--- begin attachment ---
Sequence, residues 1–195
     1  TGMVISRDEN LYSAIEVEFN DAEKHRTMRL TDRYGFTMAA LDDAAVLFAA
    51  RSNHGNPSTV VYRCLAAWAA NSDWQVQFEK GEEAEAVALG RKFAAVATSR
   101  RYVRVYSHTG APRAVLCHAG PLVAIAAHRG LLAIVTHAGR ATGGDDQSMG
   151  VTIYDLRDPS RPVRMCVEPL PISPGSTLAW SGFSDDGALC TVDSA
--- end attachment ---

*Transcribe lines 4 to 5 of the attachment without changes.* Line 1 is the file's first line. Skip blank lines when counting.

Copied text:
   101  RYVRVYSHTG APRAVLCHAG PLVAIAAHRG LLAIVTHAGR ATGGDDQSMG
   151  VTIYDLRDPS RPVRMCVEPL PISPGSTLAW SGFSDDGALC TVDSA